If the crack extends further into the root, a periodontal defect may occur. In turn, you may lose your teeth from a minor split.

Signs and symptoms

The following are the chief symptoms that you can correlate with a cracked tooth –

Rebound pain is common and frequent

Sharp or fleeting pain arises while releasing a bite on a cracked tooth. The pain may increase or decrease on biting on the tooth depending upon the extent of the crack and bite pressure.

Sharp shooting Pain from the nerves

You feel immense pain when gliding the teeth backward and forward and side to side. Acute pain may occur when drinking cold beverages or eating frozen foods. Although, there is a lack of discomfort with hot edible substances.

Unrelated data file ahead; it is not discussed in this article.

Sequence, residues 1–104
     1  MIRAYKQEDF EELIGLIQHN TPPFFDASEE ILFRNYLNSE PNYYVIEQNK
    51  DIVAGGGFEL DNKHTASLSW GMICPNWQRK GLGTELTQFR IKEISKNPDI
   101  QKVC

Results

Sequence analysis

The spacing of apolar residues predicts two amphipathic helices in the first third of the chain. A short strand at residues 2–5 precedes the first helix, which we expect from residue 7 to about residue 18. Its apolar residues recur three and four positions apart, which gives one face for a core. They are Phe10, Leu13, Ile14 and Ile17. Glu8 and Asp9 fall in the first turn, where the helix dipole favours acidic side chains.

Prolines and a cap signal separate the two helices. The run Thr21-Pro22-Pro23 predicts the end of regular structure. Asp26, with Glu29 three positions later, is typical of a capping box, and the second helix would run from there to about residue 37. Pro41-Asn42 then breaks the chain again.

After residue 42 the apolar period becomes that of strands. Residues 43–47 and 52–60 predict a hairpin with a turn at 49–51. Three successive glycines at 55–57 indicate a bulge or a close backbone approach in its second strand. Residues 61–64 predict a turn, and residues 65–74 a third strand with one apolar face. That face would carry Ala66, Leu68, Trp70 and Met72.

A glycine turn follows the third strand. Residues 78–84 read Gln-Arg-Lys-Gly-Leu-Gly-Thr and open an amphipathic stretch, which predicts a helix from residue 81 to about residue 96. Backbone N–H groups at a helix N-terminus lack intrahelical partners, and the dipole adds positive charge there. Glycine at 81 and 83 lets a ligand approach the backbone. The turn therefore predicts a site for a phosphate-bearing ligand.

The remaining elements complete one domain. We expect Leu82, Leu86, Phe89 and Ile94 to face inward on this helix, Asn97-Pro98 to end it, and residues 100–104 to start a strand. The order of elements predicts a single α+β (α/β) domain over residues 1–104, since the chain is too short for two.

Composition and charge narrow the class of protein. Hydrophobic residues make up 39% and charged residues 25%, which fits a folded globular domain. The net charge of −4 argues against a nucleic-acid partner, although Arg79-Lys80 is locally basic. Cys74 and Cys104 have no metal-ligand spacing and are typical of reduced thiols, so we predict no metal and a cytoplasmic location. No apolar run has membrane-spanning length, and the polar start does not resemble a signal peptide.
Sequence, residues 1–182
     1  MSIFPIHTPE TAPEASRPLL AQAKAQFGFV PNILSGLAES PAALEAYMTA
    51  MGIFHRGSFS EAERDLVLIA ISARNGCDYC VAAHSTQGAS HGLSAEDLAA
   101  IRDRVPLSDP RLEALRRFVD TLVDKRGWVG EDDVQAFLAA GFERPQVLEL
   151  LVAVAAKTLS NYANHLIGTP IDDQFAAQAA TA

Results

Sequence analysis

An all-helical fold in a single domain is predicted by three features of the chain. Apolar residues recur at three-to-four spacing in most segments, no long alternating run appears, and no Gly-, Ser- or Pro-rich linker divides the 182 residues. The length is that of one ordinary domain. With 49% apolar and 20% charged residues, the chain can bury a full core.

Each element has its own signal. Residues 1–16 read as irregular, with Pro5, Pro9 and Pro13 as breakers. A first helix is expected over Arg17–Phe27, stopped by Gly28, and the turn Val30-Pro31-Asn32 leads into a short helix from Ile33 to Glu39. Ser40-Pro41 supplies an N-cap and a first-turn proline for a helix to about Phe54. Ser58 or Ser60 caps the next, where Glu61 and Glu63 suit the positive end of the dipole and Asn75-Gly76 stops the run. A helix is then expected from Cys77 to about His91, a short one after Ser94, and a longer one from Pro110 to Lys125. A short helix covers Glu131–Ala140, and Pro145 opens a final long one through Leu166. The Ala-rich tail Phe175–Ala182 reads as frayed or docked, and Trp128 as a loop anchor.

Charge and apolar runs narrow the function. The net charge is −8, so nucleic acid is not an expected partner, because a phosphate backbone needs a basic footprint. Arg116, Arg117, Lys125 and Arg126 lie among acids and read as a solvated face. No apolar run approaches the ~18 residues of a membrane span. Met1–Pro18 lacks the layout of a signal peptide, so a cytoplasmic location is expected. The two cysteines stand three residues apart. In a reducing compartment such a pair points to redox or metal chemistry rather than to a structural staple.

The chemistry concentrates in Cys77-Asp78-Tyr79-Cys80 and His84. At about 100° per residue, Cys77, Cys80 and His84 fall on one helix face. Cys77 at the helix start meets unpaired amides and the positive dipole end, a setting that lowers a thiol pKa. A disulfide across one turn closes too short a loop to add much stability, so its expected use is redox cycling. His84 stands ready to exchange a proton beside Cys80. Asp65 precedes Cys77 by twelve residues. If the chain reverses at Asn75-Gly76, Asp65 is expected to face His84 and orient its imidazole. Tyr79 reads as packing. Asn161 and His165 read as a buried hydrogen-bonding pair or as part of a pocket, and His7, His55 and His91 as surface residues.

Other types of stimuli initiated pain

These include –

  • Pain when eating or drinking sugary substances.
  • Tooth crack in the upper molar tooth is possible if you suffer from bruxism.

When the pain is localized, you can determine the exact tooth from which the symptoms are originating, but not always.

Confirming the diagnosis

The diagnosis of a cracked tooth is tedious even for skillful clinicians. The signs are highly variable from case to case. A split tooth often mimics sinusitis, temporomandibular disorders, headaches, ear pain, or atypical facial pain/atypical facial pain.

When diagnosing the cracked tooth, a dentist takes many factors into account. A bite-test is a conventional method to confirm the diagnosis. For this, you have to bite down on either a Q-tip, cotton roll, or an instrument called a Tooth Sloth.

Transillumination test is helpful to identify the extension of the crack. Also, methylene blue dyes may need a few days to show the trace of propagation of the crack. Dental radiographs are also an excellent aid to decipher a split tooth. (1)

Reasons that may have led your tooth to crack